USENIX Technical Program - Abstract - Security Symposium 99
Why Johnny Can't Encrypt: A Usability Evaluation of PGP 5.0
Alma Whitten, Carnegie Mellon University; and J. D. Tygar University of California, Berkeley
User errors cause or contribute to most computer security failures,
yet user interfaces for security still tend to be clumsy, confusing, or
near-nonexistent. Is this simply due to a failure to apply standard user
interface design techniques to security? We argue that, on the contrary,
effective security requires a different usability standard, and that it
will not be achieved through the user interface design techniques appropriate
to other types of consumer software.
To test this hypothesis, we performed a case study of a security program
which does have a good user interface by general standards: PGP 5.0.
Our case study used a cognitive walkthrough analysis together with a laboratory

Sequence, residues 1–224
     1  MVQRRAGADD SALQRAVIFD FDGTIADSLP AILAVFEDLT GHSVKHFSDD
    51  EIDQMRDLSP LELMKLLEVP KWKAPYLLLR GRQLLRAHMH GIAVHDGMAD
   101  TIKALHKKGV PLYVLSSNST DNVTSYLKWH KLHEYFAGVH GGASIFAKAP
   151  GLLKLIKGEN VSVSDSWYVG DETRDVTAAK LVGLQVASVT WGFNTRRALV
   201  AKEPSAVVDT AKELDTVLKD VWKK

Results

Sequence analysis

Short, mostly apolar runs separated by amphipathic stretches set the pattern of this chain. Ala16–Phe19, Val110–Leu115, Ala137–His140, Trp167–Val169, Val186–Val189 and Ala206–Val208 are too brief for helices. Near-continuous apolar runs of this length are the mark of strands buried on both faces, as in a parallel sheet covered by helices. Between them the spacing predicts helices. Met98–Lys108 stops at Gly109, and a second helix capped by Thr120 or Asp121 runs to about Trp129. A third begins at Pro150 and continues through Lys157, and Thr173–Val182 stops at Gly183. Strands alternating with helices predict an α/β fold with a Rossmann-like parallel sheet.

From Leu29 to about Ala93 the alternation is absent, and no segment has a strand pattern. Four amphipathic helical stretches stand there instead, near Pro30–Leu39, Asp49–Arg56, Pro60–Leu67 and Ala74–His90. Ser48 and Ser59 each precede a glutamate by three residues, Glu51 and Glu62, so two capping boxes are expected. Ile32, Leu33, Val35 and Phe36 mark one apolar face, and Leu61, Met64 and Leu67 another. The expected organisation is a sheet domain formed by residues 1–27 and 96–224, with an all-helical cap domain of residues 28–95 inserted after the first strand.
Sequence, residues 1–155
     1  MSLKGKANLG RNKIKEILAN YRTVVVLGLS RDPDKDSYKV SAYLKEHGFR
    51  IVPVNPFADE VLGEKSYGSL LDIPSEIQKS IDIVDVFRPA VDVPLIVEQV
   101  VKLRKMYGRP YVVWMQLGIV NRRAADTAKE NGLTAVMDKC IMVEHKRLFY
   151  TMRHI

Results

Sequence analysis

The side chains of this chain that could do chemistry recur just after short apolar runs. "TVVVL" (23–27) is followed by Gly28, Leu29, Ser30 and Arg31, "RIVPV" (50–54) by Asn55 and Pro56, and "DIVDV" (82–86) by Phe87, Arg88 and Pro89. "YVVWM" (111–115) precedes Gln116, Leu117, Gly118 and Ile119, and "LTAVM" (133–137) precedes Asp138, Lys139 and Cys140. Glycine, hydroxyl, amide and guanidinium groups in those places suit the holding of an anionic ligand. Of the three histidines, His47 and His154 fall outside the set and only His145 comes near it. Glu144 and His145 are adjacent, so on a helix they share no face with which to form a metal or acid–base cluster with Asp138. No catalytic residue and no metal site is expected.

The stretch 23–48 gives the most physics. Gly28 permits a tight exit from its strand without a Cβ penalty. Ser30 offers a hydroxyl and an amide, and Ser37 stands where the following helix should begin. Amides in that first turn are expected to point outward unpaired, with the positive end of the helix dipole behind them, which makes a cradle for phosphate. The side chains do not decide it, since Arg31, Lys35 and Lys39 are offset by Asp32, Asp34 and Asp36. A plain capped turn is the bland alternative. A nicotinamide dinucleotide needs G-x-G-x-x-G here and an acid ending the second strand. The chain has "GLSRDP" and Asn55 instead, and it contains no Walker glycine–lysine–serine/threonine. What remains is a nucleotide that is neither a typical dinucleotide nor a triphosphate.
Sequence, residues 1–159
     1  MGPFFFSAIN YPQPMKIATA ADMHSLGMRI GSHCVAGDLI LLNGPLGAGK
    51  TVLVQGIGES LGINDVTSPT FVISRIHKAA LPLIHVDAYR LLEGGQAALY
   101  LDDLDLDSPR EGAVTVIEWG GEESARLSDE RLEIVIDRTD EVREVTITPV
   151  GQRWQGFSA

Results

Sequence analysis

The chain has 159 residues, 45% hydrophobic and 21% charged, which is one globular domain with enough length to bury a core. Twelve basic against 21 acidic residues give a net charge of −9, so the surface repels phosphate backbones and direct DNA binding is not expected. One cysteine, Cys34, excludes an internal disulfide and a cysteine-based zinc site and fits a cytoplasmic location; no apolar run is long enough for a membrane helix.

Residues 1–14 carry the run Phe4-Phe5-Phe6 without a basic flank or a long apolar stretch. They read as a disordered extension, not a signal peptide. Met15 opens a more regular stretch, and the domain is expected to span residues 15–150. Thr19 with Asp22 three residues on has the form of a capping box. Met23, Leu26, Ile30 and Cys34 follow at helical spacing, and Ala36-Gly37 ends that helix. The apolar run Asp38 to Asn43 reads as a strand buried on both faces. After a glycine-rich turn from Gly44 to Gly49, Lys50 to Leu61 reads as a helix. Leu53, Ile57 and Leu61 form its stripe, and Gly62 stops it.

user test to evaluate whether PGP 5.0 can be successfully used by cryptography
novices to achieve effective electronic mail security. The analysis
found a number of user interface design flaws that may contribute to security
failures, and the user test demonstrated that when our test participants
were given 90 minutes in which to sign and encrypt a message using PGP
5.0, the majority of them were unable to do so successfully.
We conclude that PGP 5.0 is not usable enough to provide effective security
for most computer users, despite its attractive graphical user interface,
supporting our hypothesis that user interface design for effective security
remains an open problem. We close with a brief description of our
continuing work on the development and application of user interface design
principles and techniques for security.